By the Time I Get to Phoenix
SXSW Grace Note: Glen Campbell at the Austin Rodeo.
By Raoul Hernandez, 7:15PM, Wed. Apr. 4, 2012
For me, South by Southwest neither ended that Sunday at the Shins’ Austin City Limits taping, nor a week later when South Korean showcasers Galaxy Express cut loose MC5’s “Kick Out the Jams” at Mohawk. If anything, my SXSW continues, its longtail published here all spring. Sunday, Mar. 18, at Austin Rodeo, though – Glen Campbell: Perfect Grace note.
Though the Travis Country Expo Center sits toward my end of town, Austin Rodeo, installed there since 1984, didn’t blip my radar until last year when Joan Jett, Rick Springfield, and George Jones all performed the week following SXSW. In a new, concert program-like hardback book, Austin Rodeo, subtitled “Blue Ribbons, Buckin’ Broncs & Big Dreams,” rapper Nelly motions from the mainstage in 2005. Wish I’d known then about the formally-titled Star of Texas Fair and Rodeo.
This year, in the work torture leading up to the massive music festival, Austin Rodeo announced its 2012 musical component, top tier acts trucked out into the center of the arena to a circular rotating stage after the horse riding, calf roping, mutton bustin’, bull riding, etc. There in the middle of the event’s two-week run was one headliner not roped in by SXSW: The Rhinestone Cowboy.
Beyond Campbell’s 2003 box set, and having missed his previous local appearance two years later at the Riverbend Centre, I’d had little contact with his oeuvre beyond being old enough to remember when “Rhinestone Cowboy” studded Top 40 radio. When it was announced that Campbell’s 2011 LP Ghost on the Canvas would be his final studio release thanks to his deteriorating mental health, his narrative flared up again in the mainstream. Ghost, which successfully pairs Campbell’s symphonic croon to songs by Paul Westerberg, Robert Pollard, Jakob Dylan, and Teddy Thompson, matched up to moving pieces in media such as Rolling Stone.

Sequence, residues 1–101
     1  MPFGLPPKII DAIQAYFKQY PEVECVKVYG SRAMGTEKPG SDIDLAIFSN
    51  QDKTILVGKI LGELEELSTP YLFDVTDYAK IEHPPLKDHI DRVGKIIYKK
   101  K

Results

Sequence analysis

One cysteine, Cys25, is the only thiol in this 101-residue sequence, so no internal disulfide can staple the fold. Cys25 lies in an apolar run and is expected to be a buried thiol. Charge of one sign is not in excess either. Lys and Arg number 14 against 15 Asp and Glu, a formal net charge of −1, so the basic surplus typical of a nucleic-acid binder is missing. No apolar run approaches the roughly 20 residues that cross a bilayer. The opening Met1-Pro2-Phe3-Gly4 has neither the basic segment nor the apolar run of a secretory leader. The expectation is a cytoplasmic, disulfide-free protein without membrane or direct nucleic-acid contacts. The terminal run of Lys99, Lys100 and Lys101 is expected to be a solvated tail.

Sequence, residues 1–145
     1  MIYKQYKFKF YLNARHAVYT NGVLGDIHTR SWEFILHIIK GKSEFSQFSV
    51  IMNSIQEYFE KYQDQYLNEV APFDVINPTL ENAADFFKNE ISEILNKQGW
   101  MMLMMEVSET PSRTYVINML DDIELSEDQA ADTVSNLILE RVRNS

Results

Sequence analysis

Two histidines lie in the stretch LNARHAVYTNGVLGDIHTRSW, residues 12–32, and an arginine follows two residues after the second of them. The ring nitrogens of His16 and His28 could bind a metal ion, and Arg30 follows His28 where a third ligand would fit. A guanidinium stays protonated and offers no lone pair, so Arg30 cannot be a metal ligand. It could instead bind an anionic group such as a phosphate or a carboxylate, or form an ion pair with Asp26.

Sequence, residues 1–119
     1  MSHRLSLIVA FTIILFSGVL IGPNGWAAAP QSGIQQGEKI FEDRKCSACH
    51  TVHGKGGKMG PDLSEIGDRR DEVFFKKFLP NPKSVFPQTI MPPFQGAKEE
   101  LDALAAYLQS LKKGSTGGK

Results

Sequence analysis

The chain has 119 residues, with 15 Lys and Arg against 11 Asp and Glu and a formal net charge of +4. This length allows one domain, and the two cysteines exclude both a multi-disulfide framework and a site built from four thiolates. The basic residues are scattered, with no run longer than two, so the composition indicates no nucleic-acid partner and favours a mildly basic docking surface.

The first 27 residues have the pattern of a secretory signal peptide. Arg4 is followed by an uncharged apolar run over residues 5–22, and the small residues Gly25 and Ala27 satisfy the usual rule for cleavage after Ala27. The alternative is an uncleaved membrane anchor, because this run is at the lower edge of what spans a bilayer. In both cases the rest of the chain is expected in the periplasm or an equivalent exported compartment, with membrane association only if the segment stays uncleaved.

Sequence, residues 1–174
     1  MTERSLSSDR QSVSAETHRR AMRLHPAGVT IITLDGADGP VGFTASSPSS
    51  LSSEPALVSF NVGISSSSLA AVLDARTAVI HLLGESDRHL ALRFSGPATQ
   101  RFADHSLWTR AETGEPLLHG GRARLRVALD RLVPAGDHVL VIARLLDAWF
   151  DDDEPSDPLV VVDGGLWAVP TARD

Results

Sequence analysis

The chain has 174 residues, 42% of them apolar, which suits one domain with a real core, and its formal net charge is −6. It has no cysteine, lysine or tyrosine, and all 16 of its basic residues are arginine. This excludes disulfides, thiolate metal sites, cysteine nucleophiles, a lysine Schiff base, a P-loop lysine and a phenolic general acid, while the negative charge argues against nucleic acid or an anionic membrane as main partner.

Leading up to SXSW, Glen Campbell Live in Japan arrived in the mail from new indie reissue venture Real Gone Music. Originally issued only in the Far East, the 1975 concert captures the singer-guitarist at his peak in a stiff setting with a stiff set. John Denver cover “Annie’s Song” reiterates Campbell’s interpretive gifts, but “By the Time I Get to Phoenix” and “Wichita Linemen,” two of the headliner’s greatest hits in collaboration with songwriter Jimmy Webb, are delivered in medley, and “Rhinestone Cowboy” is out in favor of closers “My Way” and a shrill blow-up of the “William Tell Overture.”
At the Expo Center, Campbell’s mild befuddlement onstage was every bit as poignant as had been portrayed in print, but there was nothing wrong with his lump-in-throat run through “Galveston,” another Webb indelible, or “By the Time I Get to Phoenix.” Regretfully, ACL beckoned, so we only stayed for half of the hour-long show. No “Rhinestone Cowboy” for those of us still on deadline.
Still, what stands out most from those 25 minutes was Campbell’s picking. When he and his daughter engaged on “Dueling Banjos” from Deliverance, Papa Campbell brought 10 fleet fingers to his six-string foggy mountain breakdown and bluegrass upbringing. All his guitar leads were thrilling in fact.
Later, the Shins delivered one of ACL’s most explosive indie rock performances, bottled lightning approached earlier in the week down on Red River only by Brooklyn’s the Men. Bruce Springsteen’s SXSW keynote speech needs to become its own LP.
Those and other highlights dot my March madness this year, but Live in Japan gets at least one thing right – its closer. “Amazing Grace” also sums up Glen Campbell at the 2012 Austin Rodeo.